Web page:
Transforming New England's
Food System Together
Food Solutions New England (FSNE) is a regional, collaborative network organized to support the emergence and continued viability of a New England food system that is a resilient driver of healthy food for all, racial equity, sustainable farming and fishing, and thriving communities.
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Latest from the Food Solutions New England Blog
The Food Solutions New England Process Team (our "steering" or advisory team) has voted to endorse the Campaign for Real Meals , recognizing the leverage to be gained in making specific targets more visible in the massive food service industry in North America. Industrial food service represents a $51 billion sector in the US alone, with three firms - Sodexo, Aramark and Compass Group -
Today's post is from our friends at Real Pickles! Come visit them (and Food Solutions New England) at the upcoming Boston Local Food Festival on September 16th! ------------ As you may know, here at Real Pickles we are deeply committed to buying our vegetables only from Northeast family farms and selling our products only within the Northeast . One way in which we are able to achieve this, and in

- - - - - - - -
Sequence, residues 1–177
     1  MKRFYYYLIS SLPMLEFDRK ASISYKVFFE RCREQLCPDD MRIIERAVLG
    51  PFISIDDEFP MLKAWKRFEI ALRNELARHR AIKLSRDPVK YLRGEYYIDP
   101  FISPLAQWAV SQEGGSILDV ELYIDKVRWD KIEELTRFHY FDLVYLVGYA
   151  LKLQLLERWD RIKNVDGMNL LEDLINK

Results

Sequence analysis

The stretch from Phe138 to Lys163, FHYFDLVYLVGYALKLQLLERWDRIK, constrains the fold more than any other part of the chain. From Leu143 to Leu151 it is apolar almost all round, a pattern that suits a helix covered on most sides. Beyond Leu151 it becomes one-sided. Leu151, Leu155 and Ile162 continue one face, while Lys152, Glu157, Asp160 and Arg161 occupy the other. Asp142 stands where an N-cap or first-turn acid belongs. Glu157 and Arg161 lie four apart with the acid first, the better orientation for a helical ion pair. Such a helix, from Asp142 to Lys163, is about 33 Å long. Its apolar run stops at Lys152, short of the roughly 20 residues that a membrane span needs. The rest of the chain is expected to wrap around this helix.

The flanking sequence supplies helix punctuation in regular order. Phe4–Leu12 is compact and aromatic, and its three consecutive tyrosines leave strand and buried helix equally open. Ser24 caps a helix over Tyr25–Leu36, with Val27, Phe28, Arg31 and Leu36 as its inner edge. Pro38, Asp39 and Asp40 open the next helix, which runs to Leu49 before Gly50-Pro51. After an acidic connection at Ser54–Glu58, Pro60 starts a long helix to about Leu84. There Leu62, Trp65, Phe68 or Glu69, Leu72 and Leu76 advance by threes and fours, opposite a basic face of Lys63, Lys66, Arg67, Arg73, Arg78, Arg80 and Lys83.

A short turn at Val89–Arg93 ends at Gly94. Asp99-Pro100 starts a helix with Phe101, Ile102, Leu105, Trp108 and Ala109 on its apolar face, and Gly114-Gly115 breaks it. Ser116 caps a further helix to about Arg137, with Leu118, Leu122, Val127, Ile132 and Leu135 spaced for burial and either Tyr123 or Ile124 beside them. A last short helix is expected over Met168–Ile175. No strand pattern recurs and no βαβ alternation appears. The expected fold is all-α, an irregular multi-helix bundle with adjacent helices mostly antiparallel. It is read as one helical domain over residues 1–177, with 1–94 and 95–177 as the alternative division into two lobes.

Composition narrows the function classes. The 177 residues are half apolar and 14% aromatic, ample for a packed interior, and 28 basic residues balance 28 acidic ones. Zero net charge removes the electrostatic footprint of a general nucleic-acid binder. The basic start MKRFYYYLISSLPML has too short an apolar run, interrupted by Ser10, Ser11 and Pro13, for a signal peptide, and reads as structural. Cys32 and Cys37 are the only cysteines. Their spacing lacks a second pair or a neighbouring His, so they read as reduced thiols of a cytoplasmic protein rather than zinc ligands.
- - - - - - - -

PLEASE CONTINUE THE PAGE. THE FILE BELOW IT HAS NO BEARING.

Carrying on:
FSNE Note: We are honored to share this piece from Vanessa Garcia Polanco, an alumna of FSNE's Network Leadership Institute, as she heads out on her next adventure! I am moving to the midwest to pursue graduate school. Ready for the challenge that is to learn a new regional culture, new food systems and English words that will substitute New England colloquialism like bubbler and wicked. As a
FSNE Comment: As we get ready to start organizing the fifth consecutive 21-Day Racial Equity Habit-Building Challenge for April 2019, we are taking a moment to reflect on the learning from this past year. This post, from Curtis Ogden of the Interaction Institute for Social Change , shares how the impacts of the Challenge are rippling ever outward... “We never know how our small activities will
We are blessed in New England with a long tradition of farmers markets throughout the growing season. The number of active markets has increased and the seasons have expanded, with many towns boasting winter markets as well. These direct-to-consumer distribution methods are an important part of the "mix" that creates a vibrant local food economy, keeps money circulating in our local economy and